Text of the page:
Mornings

After I pour the half and half into my reheated cup of coffee, I pass by the pack n play to make sure he’s breathing before I sit back down at the computer.

The dog, my beloved fluffy companion, is curled on the couch by the window, awaiting some attention which has been seriously lacking the past few months.

It is still very cold outside and snowed a bit yesterday. I’m wearing a heavy open fronted sweater over one of the two borrowed maternity shirts I wear almost every day. They gained favour by opening down the front enough to make feeding easy.

The baby wakes and reaches for the stars hanging over him in the play crib. He’s grown quite adept at aiming for them.

I think about the first time I saw him. I’d been looking at my husband as he held my hand. With a sense of confusion at the voices telling me to turn my head the other way, I did so, and there was this messy muddy baby covered in goo. I’d forgotten what the purpose of this stage of the crucible was. We’d been at the hospital so long that I’d forgotten why we’d gone there. I didn’t expect anything out of the experience except another step in the journey that had taken up nearly all of the three days following Christmas. After forty-three and half hours of contractions, the later of which were at an intensity that was literally off the chart, three hours of unsuccessful pushing, and the final decision that if he wasn’t able to come out on his own we’d have to go in and get him, it was hard for me to remember there was a bright side to it all. When the surgery was done, I’d go to the recovery room, then Nic and I would go home, just the two of us. Business as usual. I had completely forgotten that we had a very good chance of going home with somebody else. I’d forgotten we were there to get our baby. But there he was. Messy but alive.

A minute later they brought him, cleaned up and wrapped in a blanket, to my husband while they stitched me up. At one point they laid him down next to my head. I couldn’t hold him yet. But I remember his eyes. The deepest, darkest blue I’d ever seen. With lashes thick and dark. And so, so beautiful.

Then they took him to the nursery and, after they were done closing the rift in my abdomen, wheeled me back upstairs to my room in the maternity ward.

At around 8:00pm they brought him to me. I’ll never forget that vision: Tiny angel in a Christmas Tree hat, swaddled tightly over a little kimono shirt and a Huggies diaper bearing Winnie the Pooh. His face glowed when he heard me speak to him. And then he was in my arms.

I couldn’t walk. I couldn’t even stand. I was full of medications and anesthetics and completely worn out. My dream of keeping him in the room with me every night was dashed. He could have stayed, but I knew that as exhausted and delirious as I was it wouldn’t have been safe. So after he nursed for the first time and I held him for a while, he went away and I tried to sleep. I kept waking up. It was horrid being alone, in the darkness. Falling asleep after all those hours of pointless labor should have been easy. I kept waking. Occasionally a nurse would come in to check my vitals. Finally at around 1:30 or 2:00 in the morning he came back. It was like in His Dark Materials when Pan had been too far away – that pang in my heart, almost painful, finally eased.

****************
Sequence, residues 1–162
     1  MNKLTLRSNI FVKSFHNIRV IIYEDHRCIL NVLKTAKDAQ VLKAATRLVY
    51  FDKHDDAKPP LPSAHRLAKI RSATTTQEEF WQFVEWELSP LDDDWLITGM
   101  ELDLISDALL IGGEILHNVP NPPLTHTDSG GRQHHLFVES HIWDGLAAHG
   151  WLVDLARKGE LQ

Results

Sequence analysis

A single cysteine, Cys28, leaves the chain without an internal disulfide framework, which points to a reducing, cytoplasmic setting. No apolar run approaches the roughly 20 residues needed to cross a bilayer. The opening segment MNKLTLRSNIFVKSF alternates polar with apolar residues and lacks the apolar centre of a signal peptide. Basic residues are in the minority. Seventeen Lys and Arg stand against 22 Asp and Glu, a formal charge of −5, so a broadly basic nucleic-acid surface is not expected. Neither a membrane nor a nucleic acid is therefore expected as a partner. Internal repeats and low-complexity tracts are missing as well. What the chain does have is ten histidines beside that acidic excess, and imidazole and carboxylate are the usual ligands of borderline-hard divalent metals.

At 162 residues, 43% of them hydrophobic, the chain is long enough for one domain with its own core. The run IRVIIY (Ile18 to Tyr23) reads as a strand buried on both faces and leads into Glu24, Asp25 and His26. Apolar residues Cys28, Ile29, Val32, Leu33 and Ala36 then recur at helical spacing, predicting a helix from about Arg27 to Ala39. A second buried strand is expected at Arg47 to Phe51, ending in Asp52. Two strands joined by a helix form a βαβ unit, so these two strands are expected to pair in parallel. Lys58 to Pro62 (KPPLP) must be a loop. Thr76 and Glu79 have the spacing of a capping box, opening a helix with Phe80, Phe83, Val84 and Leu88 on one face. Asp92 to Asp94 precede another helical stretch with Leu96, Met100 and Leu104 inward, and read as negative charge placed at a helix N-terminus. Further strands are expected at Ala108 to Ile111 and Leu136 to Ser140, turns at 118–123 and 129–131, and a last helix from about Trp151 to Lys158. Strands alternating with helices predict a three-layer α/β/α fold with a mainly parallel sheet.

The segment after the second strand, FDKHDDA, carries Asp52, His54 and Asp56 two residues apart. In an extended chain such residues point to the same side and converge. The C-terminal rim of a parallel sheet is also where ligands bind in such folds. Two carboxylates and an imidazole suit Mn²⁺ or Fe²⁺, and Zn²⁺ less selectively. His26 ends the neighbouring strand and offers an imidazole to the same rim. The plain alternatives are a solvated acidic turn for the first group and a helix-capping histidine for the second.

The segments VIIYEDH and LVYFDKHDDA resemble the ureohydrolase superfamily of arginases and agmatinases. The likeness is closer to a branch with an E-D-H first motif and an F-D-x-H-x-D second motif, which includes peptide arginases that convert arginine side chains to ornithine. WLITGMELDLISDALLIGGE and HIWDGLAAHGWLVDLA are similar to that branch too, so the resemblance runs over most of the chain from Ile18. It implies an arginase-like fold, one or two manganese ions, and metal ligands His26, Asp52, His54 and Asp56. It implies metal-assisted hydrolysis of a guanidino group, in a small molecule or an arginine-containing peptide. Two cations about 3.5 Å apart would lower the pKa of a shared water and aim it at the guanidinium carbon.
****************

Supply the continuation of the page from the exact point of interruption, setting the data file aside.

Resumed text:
At some point, during one of his midnight visits to me, he was placed in my arms, the nurse left, and instead of feeding, he laid his head on top of my bosom and went so happily to sleep. One time I heard him crying all the way up the hall. Once he was in the room I called to him, and his face split into radiance and he stopped crying immediately. He knew me. He knew me!

 

***

A shower and a few diaper changes later, I sit eating two left over slices of pepperoni pizza and thinking about my postpartum body. The baby cries and I give him his lunch as well.

I gained about 55 lbs during our pregnancy, 20 more than the outer limit of what I was *supposed to* gain. I think of my friends who had at this point already lost more than they’d gained. I still have 19 lbs to go. I try to remember that some of those women were horribly sick their entire pregnancies and I was fortunate enough to have a relatively easy one. I try to remember that every body is different just as every pregnancy is different. I think of my cousins and friends who had easy, short labors, those who have two or three kids, and I wonder why I didn’t get to experience that. Two pregnancies, only one baby to show for it. A three week bleed with a ten hour laborious miscarriage at 11 weeks. A 43.5 hour labor, three hours of pushing, and still I needed a c-section to get my baby out. I think about this and remember: afterwards we were both safe; we were both healthy and, most importantly, Alive.